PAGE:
The tragic events related to the recent increased wave of migrants arriving in Europe fleeing from war or hard living conditions, have revealed the profound economic and social factors that give rise to mass migration. Both the sheer number of people escaping hardship and danger and the different types of countries involved highlight the permanent character of these migratory movements. This situation confronts us with the need to make choices that go beyond the current inadequate and unsteady emergency plans and implement systematic policies for resettlement and inclusion on a broader societal level.
The arrival of migrants and refugees, many of whom are children, is a challenge and a great educational opportunity for the European school systems. Helping rootless people to regain a sense of stability and direction for their life requires interventions that take into account not only the socioeconomic, but also educational, psychological and cultural factors of both the refugees’ and the hosts’.
Even though a large body of literature on the social inclusion of refugees is available today, investigation into refugee children and their education remains relatively underdeveloped, especially as for the implementation of school-based interventions and programmes. Research shows that refugee children have multiple complex needs, as they can suffer from psychological trauma and emotional distress. Moreover, they are required to rapidly adjust to a new language and culture as well as to build a sense of personal identity and belonging to the new place and often act as interpreters for their parents on various levels.
Generally, schooling in the new country proves to be a difficult experience for refugee children, as they face linguistic and cultural challenges. Children with little or no prior education in their country are frequently unable to cope with the demands posed by the new educational settings. Language barriers have a special impact both on participation and academic success. As a result, refugee students may experience a sense of disengagement and loneliness. However, within an inclusive, accessible and fair educational system, which offers adequate support and emphasises a universal right to education, they may be successfully included.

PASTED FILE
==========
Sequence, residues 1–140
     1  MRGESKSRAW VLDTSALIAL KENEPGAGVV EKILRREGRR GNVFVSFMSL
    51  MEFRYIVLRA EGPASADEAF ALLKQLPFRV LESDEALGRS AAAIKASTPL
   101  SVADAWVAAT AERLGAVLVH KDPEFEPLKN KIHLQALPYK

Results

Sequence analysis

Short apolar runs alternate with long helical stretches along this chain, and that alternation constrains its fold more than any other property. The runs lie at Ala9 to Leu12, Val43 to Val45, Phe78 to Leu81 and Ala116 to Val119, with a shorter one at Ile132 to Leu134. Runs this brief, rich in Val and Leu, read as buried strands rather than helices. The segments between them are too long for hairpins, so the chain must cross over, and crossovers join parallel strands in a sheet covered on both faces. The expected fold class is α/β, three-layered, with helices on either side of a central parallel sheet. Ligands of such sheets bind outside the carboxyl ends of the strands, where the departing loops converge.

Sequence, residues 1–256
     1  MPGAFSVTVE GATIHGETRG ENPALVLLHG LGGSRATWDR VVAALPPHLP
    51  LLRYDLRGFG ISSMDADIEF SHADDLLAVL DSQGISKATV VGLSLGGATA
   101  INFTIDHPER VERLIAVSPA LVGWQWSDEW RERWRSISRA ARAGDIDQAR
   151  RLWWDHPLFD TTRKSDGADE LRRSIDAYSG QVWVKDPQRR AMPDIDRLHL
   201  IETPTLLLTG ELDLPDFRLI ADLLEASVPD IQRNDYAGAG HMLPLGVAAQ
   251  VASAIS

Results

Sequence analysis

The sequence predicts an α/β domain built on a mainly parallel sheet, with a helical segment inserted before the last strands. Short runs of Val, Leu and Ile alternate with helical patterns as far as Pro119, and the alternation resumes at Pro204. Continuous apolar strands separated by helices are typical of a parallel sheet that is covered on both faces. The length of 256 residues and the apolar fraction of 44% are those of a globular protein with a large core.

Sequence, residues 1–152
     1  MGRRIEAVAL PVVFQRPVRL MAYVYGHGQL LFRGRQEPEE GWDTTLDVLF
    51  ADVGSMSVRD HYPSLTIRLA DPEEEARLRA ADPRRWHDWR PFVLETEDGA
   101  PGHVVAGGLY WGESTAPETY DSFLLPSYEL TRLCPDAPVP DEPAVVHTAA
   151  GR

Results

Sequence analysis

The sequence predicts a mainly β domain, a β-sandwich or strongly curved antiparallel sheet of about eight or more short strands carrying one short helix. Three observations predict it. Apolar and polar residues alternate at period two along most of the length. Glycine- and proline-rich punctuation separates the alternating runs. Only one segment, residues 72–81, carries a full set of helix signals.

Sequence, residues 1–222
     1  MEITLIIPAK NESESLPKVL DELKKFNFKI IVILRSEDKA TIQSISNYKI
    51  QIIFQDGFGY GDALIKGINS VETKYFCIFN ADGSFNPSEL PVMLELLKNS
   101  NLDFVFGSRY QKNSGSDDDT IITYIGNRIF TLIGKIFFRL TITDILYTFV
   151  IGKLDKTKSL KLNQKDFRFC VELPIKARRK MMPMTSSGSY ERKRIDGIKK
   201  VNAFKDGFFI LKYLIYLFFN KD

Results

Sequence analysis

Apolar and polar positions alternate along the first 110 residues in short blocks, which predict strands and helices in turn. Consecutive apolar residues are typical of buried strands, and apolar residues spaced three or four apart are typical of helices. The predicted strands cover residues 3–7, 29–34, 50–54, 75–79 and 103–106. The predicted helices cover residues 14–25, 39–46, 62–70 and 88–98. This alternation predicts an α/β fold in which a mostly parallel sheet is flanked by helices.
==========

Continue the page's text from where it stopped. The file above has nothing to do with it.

Including refugee students is a process that cannot be delimited to the educational success of these learners, since it involves utilising the ability of whole communities to overcome barriers to learning and to develop valuable resources. Accordingly, adopting a holistic, whole-community and whole-school approach is vital to promote inclusion of refugee children in school. Such approach focuses on school ethos, welcoming environments, good induction communication, first and second language support, specialised teacher education support and adapted curricula, home liaison, community links, pastoral care, and preventing racism and bullying. Participation and learning fostered through holistic approaches help refugee children build a sense of belonging and self-confidence that in turn enables them to develop new relationships in and out school. They also help all local children and adults see refugee students not just as aliens or victims, but also as valuable partners and resources for learning and intercultural understanding.
The roundtable aims:
- to shed light on how schools and school systems in different European (and international) countries deal with the educational needs of refugee children refugees. Which schooling and education possibilities are open for these students?
- to compare which kind and in which form for these students is provided by schools and school systems. What kind of Language learning or school community provision is put in place?
- to build a European and international perspective to foster collaborative research projects on this topic, helping stake-holders by providing comparative insights into how national school systems manage and cope with the above mentioned topics.
Freie Universität Berlin: European Educational Research Association EERA , 2016.